A little wet weather wasnt about to stop the golfers at the 13th SAS Championship from taking a few shots in the Monday Pro-Am at Prestonwood Country Club.
They didnt take an entire 18-hole tour, but when the rain finally stopped in late afternoon players went through an informal two-hour competition on the Meadows course to let the amateurs play with the 18 pros on hand for the tournaments traditional opening event.
Eighty-one pros will compete this week, with nine Hall of Famers in the field, including Nick Faldo making his U.S. Champions Tour debut and Colin Montgomerie playing there for the first time.
Earlier Monday there was a skills competition at the clubs state-of-the-art learning center. Each player hit three drives for a combination of distance and accuracy, three wedges in a 100-yard nearest-to-pin type game, and then they tried to make the longest run of consecutive shots on the putting green.
Jim Rutledges team, with amateurs Bill Devine, John Kruszewski, Richard Nelson and Sean Devine, won the competition, followed by teams led by Jay Don Blake and Smithfield native Neal Lancaster.
Amateurs Chad Barnes won the mens and Jullie Campbell the womens longest-drive awards, and Bill Shotwell was closest to the pin.
I dont know who else says they won, but we won, quipped pro Jim Gallagher Jr., whose team actually didnt make the medal stand. I think everybody had fun making something out of a tough situation and spending time with the guys.
Ive started playing better at the end of the year. Ive got to drive it straighter. Its hard to get into that good momentum, but I finally got into it the second half of the season.
Mike Goodes, a North Carolina graduate from Reidsville who turned pro at 50, is in his sixth consecutive SAS championship.
The event with our ams was a lot of fun, said Goodes, who played golf at Reidsville High but not for the Tar Heels. Im striking the ball pretty well and have been fairly consistent all year. Hopefully Ill be good this week.
This tournament is terrific, and the food is always unbelievable. And the golf course is really good. I think the course is going to be perfect. I hope the Tar Heel (fans) in the gallery will adopt me, but that may be dangerous around here.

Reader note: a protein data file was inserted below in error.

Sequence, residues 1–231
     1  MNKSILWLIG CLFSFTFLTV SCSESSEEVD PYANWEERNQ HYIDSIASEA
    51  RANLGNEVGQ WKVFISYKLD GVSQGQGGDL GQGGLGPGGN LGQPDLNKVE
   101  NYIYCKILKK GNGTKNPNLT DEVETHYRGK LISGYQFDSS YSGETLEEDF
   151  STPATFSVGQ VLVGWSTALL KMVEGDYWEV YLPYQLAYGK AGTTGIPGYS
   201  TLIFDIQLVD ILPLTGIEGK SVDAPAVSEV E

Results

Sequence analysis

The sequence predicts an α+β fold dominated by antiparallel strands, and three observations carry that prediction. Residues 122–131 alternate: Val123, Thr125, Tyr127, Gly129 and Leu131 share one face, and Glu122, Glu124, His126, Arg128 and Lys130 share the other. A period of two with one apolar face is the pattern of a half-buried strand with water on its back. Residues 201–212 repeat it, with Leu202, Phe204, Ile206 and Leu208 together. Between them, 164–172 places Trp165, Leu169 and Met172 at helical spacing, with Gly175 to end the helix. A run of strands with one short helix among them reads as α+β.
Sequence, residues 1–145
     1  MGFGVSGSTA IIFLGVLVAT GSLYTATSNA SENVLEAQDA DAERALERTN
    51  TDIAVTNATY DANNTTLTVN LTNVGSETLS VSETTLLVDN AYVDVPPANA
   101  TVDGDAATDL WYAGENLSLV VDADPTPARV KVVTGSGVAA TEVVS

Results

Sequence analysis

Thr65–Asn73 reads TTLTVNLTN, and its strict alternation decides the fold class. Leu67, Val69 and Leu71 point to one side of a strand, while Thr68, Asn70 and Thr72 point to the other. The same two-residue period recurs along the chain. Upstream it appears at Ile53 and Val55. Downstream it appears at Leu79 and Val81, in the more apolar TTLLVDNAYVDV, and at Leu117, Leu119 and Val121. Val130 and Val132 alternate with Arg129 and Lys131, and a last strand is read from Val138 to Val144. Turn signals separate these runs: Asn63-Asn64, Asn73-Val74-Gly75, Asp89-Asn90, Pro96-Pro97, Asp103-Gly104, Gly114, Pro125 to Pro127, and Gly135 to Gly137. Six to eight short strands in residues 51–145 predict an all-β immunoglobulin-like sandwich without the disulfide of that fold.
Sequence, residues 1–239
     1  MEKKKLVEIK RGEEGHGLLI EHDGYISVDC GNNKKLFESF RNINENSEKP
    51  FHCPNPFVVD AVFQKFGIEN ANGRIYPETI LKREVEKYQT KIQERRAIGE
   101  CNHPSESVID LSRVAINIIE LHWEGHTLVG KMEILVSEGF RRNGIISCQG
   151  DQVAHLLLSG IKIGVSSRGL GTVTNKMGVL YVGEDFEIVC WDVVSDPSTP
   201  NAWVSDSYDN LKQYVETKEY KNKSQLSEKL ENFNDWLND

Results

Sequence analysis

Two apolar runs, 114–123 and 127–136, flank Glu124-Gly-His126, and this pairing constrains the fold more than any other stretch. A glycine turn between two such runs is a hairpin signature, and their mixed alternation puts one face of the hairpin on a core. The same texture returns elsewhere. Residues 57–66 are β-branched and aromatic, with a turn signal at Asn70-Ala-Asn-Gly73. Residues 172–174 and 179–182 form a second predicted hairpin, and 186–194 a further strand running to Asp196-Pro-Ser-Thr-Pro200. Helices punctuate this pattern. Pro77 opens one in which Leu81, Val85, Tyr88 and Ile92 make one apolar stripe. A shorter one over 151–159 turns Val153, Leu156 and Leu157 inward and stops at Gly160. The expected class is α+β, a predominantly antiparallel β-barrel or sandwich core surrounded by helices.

The public will be admitted free to the next three days of events, which will include Champions Tour practice Tuesday and the SAS Pro-Am with all the golfers teeing off in four groups with shotgun starts at 8 a.m. and 1:15 p.m.
Championship competition will begin Friday, Saturday and Sunday at 10 a.m., with live coverage on The Golf Channel each day at 2-4:30 p.m.
Today we took the hand that we were dealt and tried to make the best of it, mostly for the amateurs to make sure they got a good experience, said Jeff Kleiber, the full-time tournament director. Today and Wednesday and Thursday are the lifeblood of the event. Without the sponsors this tournament doesnt happen.
The legends of golf who wrote the history book are here. Weve got (nine) World Golf Hall of Famers in this field and 16 out of 17 winners this year. The first reason to be out here is the golf and the second is the great community event, from our food-truck Friday to the Blue 5K on Saturday morning with 600 runners in the WakeMed Families First Fun Fest. We keep adding more community events because that increases the impact we have and the amount of money we can raise for the charities involved in the tournament.
The most important news from Monday was the names of the four men who joined the 81-man field from the open qualifier at the Wilson Country Club.
Mark Mouland of Davenport, Fla., was medalist with a 63, followed by Mark Bucek of Winter Springs, Fla. at 66, Skip Taylor of Flat Rock at 67 and Gary Rusnak of Santa Rosa Beach, Fla., at 69.